My understanding is that the Java bytecode produced by invoking
javac is independent of the underlying operating system, but the HotSpot compiler will perform platform-specific JIT optimizations and compilations as the program is running.
However, I compiled code on Windows under a 32 bit JDK and executed it on Solaris under a 32 bit JVM (neither OS is a 64 bit operating system). The Solaris x86 box, to the best of my knowledge (working to confirm the specs on it) should outperform the Windows box in all regards (number of cores, amount of RAM, hard disk latency, processor speed, and so on). However, the same code is running measurably faster on Windows (a single data point would be a 7.5 second operation on Windows taking over 10 seconds on Solaris) on a consistent basis. My next test would be to compile on Solaris and note performance differences, but that just doesn't make sense to me, and I couldn't find any Oracle documentation that would explain what I'm seeing.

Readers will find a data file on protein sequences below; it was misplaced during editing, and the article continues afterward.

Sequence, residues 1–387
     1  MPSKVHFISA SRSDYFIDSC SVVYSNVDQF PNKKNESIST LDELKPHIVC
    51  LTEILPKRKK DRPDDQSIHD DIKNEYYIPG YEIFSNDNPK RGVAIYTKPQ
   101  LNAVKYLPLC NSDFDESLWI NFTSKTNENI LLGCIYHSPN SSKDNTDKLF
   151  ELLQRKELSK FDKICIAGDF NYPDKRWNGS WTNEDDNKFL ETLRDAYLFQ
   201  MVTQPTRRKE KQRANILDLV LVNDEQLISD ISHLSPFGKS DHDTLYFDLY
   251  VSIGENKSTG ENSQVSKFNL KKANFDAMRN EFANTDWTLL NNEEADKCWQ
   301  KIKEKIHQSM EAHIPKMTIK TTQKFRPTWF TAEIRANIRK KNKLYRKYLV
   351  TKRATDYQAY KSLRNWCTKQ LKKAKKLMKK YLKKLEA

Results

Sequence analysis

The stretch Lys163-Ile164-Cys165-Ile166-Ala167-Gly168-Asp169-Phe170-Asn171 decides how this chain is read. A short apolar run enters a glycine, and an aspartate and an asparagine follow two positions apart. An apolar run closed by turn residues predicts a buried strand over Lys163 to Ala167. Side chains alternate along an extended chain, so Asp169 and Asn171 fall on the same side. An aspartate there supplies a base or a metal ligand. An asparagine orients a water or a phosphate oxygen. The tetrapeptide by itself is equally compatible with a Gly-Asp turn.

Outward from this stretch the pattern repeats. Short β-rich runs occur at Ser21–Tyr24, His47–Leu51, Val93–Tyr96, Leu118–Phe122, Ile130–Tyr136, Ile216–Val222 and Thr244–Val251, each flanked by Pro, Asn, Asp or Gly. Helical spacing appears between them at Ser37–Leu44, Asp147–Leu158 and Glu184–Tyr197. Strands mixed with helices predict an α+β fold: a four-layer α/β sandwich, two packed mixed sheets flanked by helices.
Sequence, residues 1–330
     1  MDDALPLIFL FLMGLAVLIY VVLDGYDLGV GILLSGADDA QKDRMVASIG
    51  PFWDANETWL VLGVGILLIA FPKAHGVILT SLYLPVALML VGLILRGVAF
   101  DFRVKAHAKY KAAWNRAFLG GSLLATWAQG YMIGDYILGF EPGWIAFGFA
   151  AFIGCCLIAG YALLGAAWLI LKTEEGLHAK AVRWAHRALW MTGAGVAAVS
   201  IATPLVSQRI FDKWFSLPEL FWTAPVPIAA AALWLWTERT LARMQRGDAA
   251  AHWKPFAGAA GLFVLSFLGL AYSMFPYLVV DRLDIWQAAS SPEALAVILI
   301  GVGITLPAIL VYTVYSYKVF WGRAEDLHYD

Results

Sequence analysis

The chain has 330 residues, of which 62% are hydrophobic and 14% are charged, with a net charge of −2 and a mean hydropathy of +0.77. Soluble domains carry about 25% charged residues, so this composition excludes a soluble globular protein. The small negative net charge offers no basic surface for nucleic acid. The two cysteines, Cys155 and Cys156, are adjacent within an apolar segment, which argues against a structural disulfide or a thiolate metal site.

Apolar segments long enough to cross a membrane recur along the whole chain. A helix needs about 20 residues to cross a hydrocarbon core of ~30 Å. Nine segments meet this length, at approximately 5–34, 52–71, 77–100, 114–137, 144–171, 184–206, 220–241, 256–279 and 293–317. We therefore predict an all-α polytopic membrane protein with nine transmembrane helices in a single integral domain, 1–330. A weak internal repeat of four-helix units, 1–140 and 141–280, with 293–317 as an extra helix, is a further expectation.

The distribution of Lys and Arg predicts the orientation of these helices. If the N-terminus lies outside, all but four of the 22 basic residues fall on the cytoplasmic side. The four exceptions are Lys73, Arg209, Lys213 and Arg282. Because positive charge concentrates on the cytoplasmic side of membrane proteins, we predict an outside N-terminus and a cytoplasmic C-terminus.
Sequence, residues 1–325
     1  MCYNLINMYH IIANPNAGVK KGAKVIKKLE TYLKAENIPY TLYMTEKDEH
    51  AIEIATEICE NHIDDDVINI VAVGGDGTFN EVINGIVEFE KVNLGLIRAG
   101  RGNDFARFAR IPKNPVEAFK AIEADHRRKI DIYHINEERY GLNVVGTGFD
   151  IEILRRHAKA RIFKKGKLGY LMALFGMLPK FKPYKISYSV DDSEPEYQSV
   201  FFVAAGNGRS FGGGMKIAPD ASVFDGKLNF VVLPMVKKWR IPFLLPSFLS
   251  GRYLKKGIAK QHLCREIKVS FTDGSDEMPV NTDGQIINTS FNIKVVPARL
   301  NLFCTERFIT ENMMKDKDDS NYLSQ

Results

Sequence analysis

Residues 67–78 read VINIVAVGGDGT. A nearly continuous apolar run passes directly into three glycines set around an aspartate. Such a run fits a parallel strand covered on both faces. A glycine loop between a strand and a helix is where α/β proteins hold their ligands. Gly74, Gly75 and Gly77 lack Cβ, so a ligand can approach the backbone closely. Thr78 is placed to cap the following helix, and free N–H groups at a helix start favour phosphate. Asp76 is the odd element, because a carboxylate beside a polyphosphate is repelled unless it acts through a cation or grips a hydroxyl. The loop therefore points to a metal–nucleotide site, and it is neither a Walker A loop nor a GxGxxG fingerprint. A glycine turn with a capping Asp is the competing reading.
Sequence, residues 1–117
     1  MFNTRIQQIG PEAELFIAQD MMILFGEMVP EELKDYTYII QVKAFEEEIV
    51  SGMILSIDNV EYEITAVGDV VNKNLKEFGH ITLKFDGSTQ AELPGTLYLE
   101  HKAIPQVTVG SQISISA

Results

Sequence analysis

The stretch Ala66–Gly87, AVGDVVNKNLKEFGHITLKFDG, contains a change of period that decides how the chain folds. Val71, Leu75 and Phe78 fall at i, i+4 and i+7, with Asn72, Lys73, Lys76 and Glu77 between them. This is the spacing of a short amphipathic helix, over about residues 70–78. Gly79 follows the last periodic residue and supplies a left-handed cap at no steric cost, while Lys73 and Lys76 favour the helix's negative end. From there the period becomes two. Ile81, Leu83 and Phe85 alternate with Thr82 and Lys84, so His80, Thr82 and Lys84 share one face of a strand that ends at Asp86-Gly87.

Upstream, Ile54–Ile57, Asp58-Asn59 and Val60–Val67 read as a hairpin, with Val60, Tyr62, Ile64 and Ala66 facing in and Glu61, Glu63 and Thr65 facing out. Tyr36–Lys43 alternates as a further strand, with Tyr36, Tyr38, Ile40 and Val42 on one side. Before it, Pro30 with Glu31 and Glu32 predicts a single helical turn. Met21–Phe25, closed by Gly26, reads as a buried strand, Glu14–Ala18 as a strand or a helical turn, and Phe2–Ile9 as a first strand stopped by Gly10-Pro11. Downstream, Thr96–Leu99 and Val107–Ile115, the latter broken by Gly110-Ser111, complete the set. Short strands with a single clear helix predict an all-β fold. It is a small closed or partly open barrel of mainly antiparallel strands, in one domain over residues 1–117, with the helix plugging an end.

Given the same version (major, minor, release, etc.) of the JVM on two different operating systems, would invoking
javac on the same source files result in different optimizations within the Java bytecode (the
.class files produced)? Is there any documentation that explains this behavior?